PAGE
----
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Intellectual Property Issues on the Web
Last updated Oct 17, 2003.
How do copyright and other Intellectual Property concerns relate specifically to the Web? Several initiatives and issues have come about in recent years that are due to digital rights and how to manage them.
Digital Rights Management (DRM)
Digital Rights Management (DRM) allows content creators to provide protection for their Intellectual Property. DRM solutions address not only the social and legal concerns of Intellectual Property in the digital realm, but provide technological solutions as well. So, for example, if you are creating a multimedia project for your Web site, technological solutions to protect your work with a digital signature or similar option are likely to be some aspect of DRM.
An area of hot controversy, opponents refer to DRM as "Digital Restrictions Management" and feel that DRM can be used to protect Intellectual Property so that it blurs rather than clarifies the lines of ownership and privacy, and impedes innovation. What's more, opponents feel that DRM raises questions about what constitutes real protection and what may be governmental agenda.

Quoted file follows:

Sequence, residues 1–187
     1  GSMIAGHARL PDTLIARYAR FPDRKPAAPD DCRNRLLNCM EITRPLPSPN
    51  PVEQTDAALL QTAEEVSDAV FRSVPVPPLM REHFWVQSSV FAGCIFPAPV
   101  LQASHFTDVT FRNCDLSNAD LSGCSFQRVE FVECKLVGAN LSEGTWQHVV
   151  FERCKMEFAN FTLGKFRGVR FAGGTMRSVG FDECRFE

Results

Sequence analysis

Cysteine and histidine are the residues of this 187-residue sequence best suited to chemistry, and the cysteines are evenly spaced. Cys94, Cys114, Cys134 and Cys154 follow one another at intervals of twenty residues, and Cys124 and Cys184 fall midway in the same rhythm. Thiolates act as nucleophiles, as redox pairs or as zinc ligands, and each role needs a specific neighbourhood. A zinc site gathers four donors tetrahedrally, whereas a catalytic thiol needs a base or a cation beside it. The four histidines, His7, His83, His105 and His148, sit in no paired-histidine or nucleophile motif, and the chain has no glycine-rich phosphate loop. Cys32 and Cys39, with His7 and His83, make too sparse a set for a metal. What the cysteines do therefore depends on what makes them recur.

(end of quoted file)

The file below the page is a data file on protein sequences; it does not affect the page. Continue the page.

Digital Millennium Copyright Act (DMCA)
Signed into law by President Clinton in 1998, the Digital Millennium Copyright Act (DMCA) adds very specific information regarding how digital information is managed. It's considered to be the most dramatic reform of copyright law in U.S. history. Key topics covered by the act include:
- Digital copyright protection (see DRM)
- Fair use in the digital environment
- Online service provider liability
The act is very detailed and, as with DRM in general, extremely controversial—with opponents claiming that it's being used to block innovation. (You can find more information about the act as well as its opponents in the Online Resources section below.)
Creative Commons (CC)
As you can see, issues of rights in the digital age are passionate and decisions made regarding rights will ultimately alter not only U.S. law, but laws all over the world.
In an effort to afford authors more control over their published material on the Web, an organization called Creative Commons (CC) has successfully introduced three licenses that extend copyright. These licenses notify others clearly about copyrighted materials appearing on a site, allowing authors to define that material as follows:
- Available for all use, including commercial use
- Available for non-commercial use, provided that attribution is made
- Not available for use
Creative Commons licensing is becoming a very popular way for authors and designers to clarify to others exactly how their content can or cannot be used.